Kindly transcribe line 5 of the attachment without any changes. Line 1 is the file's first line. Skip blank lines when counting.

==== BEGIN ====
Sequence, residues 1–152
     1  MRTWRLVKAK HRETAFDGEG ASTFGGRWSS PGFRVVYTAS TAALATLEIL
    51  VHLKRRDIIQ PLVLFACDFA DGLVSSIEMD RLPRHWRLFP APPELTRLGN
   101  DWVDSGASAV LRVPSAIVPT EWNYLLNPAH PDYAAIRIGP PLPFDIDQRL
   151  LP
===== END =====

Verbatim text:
   151  LP